Oral arguments for a federal appeal in the high profile case of environmental activist Jessica Reznicek will be heard by the 8th circuit court of appeal on May 13. In a defining moment for the climate justice movement and for all civil rights, the court will decide whether or not to uphold a “domestic terrorist enhancement” that an Iowa court applied to Reznicek’s prison sentence. Reznicek is expected to argue that the terrorism enhancement was both illegally and unjustly applied.
In 2016, Jessica Reznicek took action to stop the construction of Dakota Access Pipeline by dismantling construction equipment and pipeline valves. In 2021 she was sentenced to 8 years in prison with a domestic terrorism enhancement.
Under normal conditions Jess would have been sentenced to 37 months, but the terrorism enhancement resulted in a sentence of 96 months. She was also ordered to pay $3.2 million in restitution to Energy Transfer corporation.
The appeal is supported by the Center for Constitutional Rights (CCR), National Lawyers Guild, Water Protectors Legal Collective, and the Climate Defense Project. “If Jessica Reznicek’s acts can be punished as terrorism,” says an amicus brief filed by CCR, “the United States will have moved so far past the international consensus as to be operating in a completely different realm.”
WHAT: Oral arguments for federal appeal, U.S.A. v. Jessica Reznicek. Case # 21-2548
WHO: United States Court of Appeals- 8th Circuit, DAPL activist Jessica Reznicek
WHEN: Friday, May 13 at 8:30 CST
WHERE: St Paul, Minnesota United States Court, Courtroom 5A. Closed to the public in person. Listen in by calling 1-888-363-4749 Code 4423562. Jessica Reznicek is 5th on the docket.
In 2017 Jessica Reznicek and a partner from the Catholic Worker Movement publicly claimed responsibility for acts of vandalism against the Dakota Access Pipeline. In February, 2021 she pled guilty to a single count of Conspiracy to Damage an Energy Facility. In June, 2021 an Iowa judge imposed a “terrorism enhancement” at the prosecution’s request and sentenced Reznicek to 8 years in prison with restitution of over $3 million to be paid to Energy Transfer LLC. No one was injured by Reznicek’s acts of civil disobedience.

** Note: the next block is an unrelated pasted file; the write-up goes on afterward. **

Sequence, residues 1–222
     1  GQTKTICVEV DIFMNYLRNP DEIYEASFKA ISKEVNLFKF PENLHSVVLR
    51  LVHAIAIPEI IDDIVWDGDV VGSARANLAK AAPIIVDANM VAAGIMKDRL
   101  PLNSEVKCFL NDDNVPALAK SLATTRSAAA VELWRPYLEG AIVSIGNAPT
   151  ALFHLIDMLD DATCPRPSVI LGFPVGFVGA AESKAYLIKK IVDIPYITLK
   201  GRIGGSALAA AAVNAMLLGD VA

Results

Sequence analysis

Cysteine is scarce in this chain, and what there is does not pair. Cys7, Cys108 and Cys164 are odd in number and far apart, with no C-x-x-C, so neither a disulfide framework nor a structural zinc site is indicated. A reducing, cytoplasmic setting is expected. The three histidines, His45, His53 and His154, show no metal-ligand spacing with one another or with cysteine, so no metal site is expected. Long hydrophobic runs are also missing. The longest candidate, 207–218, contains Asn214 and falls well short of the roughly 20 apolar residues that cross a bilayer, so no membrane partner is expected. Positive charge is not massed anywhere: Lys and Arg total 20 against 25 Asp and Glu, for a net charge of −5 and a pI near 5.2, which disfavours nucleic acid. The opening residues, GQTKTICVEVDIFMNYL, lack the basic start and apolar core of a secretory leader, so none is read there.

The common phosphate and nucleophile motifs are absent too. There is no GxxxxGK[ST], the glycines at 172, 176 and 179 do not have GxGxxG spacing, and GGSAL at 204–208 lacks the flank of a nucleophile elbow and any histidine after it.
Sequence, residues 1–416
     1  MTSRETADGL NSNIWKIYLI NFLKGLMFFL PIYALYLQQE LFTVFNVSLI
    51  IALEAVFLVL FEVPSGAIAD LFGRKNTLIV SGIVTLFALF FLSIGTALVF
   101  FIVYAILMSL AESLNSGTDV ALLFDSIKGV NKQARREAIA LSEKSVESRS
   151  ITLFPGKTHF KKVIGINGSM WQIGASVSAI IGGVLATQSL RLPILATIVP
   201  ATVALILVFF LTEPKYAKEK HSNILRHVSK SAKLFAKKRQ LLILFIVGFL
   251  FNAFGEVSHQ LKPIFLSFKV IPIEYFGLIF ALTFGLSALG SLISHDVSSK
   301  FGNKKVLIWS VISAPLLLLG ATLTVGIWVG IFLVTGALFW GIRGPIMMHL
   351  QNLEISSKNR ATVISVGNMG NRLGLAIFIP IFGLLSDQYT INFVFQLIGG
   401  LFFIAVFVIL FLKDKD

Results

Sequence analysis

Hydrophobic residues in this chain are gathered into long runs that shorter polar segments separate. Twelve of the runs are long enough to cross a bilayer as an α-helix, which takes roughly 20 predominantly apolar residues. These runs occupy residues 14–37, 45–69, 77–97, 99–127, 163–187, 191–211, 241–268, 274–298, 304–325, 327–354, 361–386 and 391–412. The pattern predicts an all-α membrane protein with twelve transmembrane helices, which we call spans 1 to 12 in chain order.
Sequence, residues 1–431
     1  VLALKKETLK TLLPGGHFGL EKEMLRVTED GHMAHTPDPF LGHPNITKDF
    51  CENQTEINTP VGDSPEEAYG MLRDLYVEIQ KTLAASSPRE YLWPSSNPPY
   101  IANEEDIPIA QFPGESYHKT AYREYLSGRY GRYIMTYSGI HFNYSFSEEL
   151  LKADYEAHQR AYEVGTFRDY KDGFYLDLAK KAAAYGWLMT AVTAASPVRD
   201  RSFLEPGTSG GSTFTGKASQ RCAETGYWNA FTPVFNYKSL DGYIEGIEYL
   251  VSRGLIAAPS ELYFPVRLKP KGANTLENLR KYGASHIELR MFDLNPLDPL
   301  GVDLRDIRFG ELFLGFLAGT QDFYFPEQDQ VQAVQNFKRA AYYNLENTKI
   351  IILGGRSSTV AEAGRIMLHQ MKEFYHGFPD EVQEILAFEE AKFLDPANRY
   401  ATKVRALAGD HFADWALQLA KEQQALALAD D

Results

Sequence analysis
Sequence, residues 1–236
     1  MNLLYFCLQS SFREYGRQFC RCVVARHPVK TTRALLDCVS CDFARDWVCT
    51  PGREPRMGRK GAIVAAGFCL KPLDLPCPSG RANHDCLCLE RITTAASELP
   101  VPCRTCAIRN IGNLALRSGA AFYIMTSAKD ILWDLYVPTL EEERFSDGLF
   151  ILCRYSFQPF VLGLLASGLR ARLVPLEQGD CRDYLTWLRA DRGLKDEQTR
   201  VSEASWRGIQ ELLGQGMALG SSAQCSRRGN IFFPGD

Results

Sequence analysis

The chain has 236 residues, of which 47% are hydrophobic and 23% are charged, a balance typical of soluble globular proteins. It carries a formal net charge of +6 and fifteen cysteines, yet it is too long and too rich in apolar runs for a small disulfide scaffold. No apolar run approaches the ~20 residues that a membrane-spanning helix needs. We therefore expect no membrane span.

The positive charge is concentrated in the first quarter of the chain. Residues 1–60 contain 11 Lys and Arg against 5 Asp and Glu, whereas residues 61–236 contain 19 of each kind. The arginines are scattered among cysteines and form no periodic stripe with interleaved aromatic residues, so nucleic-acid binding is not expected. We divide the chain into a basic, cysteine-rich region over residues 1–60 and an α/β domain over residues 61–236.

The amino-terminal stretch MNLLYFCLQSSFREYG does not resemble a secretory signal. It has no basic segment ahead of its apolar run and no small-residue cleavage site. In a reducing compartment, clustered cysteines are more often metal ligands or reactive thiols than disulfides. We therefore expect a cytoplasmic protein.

Although federal courts have ruled the Dakota Access Pipeline was constructed illegally, excessive punishment for people like Jessica, who tried to stop it, is on the rise – and scrutiny is growing of fossil fuel industry influence in the process. Wrote Jessica in a 2021 statement to the court, “I am not a political person. I am certainly not a terrorist. I am simply a person who cares deeply about an extremely basic human right that is under threat: Water.”
Jessica Reznicek, a 39-year-old environmental activist and Catholic Worker from Des Moines, Iowa, was sentenced in federal court June 30 to eight years in prison for her efforts to sabotage construction of the Dakota Access pipeline.
In November 2016, Reznicek and Ruby Montoya, a former preschool teacher, set fire to heavy construction equipment at a pipeline worksite in Buena Vista County, Iowa.
Over the next several months, the women used oxyacetylene torches, tires and gasoline-soaked rags to burn equipment and damage pipeline valves along the line from Iowa to South Dakota. Their actions reportedly caused several million dollars’ worth of damage and delayed construction for weeks.
Climate activists Ruby Montoya and Jessica Renzicek are pleading guilty in federal court in the legal action against their sabotage of the Dakota Access Pipeline.
On July 24th, Ruby Montoya and Jessica Renzicek released a press release admitting that they had carried out multiple acts of sabotage against the then-under-construction Dakota Access Pipeline (DAPL) in Spring 2017. The two activists set fire to heavy machinery and used blow torches to damage the oil pipeline and valves in an effort to decisively halt the project. While the DAPL was ultimately finished, their actions singlehandedly delayed construction for weeks or months. Their eco-sabotage resulted in millions of dollars of damage.
In September 2019, Jessica, 39, and Ruby, 30, were arrested and charged with conspiracy to commit criminal damage to an energy facility, malicious use of fire, and other felonies. Montoya and Reznicek are now set to plead guilty to a single charge of conspiracy to damage an energy facility. The other charges will be dismissed, with sentencing due in May 2021. Pleading guilty may result in up to 20 years in prison and a $250,000 fine.
Both Montoya and Reznicek were seasoned activists and knew sabotage may carry consequences. However, they were clear that direct action was a must, if we are to protect the planet and future of life. They asserted they were in support of indigenous sovereignty and were resisting corporate power.